When planning your estate, ask loved ones if they have taken proactive steps to begin their strategy. Regardless of age, health condition or the number of assets, adults should have a plan in place to protect their family members after a death. It can be a challenging subject to approach, but developing a plan of action can strengthen the bond you already have.
If someone you love is hesitant about beginning the process, discuss your willingness to help. If you’re able, ease their mind by offering to be a fiduciary who will be responsible for managing their estate. Commit to becoming a travel companion when visiting estate attorneys and funeral planners to make the difficult conversation about death more comforting.
Here are factors to consider when bringing up estate planning with your loved ones.
Have They Begun Planning?
When you’re unsure if someone has even started to pre-plan, the easiest way to find out is to ask. A simple way to approach the topic is to discuss your own experiences and the steps you have taken so far. Once the topic is under discussion, you should ask these questions.
- Do they have a living will or trust in place?
- Have they already planned and pre-paid for their funeral?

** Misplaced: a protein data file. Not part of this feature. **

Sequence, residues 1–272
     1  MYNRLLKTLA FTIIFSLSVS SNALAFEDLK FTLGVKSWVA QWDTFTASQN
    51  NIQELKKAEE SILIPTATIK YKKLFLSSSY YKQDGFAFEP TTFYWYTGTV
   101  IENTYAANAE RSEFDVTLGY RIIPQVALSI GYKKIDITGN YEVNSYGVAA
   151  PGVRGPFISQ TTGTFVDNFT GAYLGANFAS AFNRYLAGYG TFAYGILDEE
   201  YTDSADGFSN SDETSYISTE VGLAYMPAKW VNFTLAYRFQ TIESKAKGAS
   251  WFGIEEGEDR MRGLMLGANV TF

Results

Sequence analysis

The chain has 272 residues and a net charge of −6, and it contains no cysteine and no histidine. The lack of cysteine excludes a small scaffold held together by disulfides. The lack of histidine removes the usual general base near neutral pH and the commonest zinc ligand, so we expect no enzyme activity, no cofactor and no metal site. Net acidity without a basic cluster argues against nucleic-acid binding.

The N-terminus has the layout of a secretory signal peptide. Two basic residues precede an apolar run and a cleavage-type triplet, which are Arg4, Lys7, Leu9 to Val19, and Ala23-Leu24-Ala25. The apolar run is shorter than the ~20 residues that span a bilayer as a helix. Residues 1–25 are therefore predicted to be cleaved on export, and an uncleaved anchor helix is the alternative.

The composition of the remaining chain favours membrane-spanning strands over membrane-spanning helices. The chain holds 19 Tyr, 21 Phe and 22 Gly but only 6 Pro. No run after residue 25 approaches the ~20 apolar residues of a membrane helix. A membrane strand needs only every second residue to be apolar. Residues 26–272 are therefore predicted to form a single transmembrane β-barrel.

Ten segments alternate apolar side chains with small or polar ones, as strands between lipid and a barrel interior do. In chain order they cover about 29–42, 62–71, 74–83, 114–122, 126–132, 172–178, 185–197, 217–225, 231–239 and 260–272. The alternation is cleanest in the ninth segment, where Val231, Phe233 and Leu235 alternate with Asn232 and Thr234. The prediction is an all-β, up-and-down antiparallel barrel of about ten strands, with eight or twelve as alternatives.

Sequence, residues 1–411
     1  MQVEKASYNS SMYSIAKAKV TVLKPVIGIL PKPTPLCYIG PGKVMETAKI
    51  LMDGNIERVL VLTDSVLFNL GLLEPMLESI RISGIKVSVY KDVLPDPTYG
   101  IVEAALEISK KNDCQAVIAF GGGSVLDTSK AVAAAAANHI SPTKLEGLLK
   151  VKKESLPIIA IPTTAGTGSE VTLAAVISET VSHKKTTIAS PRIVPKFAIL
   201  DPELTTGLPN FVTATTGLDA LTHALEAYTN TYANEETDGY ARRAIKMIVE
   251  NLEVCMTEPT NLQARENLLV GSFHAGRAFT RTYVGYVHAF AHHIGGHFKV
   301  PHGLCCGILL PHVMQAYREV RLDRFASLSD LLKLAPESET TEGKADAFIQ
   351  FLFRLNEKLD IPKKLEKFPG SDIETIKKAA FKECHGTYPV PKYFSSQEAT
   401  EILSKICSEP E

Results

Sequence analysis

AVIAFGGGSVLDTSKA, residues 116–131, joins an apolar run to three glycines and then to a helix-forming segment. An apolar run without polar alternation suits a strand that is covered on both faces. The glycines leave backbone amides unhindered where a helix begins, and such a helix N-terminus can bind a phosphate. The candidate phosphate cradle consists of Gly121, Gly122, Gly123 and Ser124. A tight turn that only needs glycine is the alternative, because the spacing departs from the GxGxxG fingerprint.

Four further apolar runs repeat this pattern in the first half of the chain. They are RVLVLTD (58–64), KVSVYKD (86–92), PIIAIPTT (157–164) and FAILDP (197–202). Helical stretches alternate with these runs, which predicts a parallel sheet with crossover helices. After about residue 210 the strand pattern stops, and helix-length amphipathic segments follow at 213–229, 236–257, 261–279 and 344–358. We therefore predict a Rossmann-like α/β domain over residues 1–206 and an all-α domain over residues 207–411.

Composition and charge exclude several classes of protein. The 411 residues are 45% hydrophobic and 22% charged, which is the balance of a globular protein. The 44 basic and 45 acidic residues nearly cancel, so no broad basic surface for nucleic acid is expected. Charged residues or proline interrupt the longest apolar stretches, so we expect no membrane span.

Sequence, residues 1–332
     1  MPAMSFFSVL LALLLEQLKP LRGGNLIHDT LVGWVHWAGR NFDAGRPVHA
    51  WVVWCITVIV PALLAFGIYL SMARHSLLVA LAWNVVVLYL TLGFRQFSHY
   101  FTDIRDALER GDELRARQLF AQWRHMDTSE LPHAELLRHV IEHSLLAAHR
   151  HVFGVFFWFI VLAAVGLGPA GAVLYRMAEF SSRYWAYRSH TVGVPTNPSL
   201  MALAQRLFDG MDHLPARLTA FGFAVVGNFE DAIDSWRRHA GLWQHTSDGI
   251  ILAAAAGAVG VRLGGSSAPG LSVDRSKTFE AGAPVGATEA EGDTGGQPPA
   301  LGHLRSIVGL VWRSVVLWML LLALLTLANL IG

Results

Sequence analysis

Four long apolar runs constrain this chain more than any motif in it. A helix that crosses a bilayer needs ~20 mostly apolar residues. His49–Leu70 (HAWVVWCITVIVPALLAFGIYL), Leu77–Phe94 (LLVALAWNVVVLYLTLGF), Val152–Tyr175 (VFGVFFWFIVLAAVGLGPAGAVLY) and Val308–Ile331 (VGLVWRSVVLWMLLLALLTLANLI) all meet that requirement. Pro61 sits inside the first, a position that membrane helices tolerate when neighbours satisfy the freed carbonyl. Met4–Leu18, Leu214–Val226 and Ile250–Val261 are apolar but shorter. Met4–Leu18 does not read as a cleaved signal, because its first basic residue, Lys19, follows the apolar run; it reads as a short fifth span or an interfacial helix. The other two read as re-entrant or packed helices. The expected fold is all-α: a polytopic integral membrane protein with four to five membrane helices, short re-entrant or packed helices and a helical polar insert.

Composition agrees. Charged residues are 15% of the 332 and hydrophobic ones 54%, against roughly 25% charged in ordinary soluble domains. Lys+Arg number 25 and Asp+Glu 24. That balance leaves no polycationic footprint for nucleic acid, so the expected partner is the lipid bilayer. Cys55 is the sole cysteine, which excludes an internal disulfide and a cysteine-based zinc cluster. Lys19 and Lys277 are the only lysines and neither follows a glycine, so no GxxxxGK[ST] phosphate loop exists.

- Are they choosing a single estate manager or are the responsibilities distributed between different people?
- How much debt should you expect to remain?
If they haven’t given thought to any of these questions, it’s essential to encourage them to act.
Do They Know the Importance of Pre-Planning?
If you find out that a loved one has not started the planning process, you can educate them on why it is so important. Discuss the possibility of their assets and finances being managed by local state laws rather than by their own rules.
Creating a legally backed last will and testament provides them the opportunity to distribute the belongings they spent their whole lives working for to chosen beneficiaries.
They should also understand that pre-paying and planning their funeral can take a lot of stress off the shoulders of family members. It will also allow loved ones to begin the grieving process at the time of death, rather than make significant decisions to honor their legacy.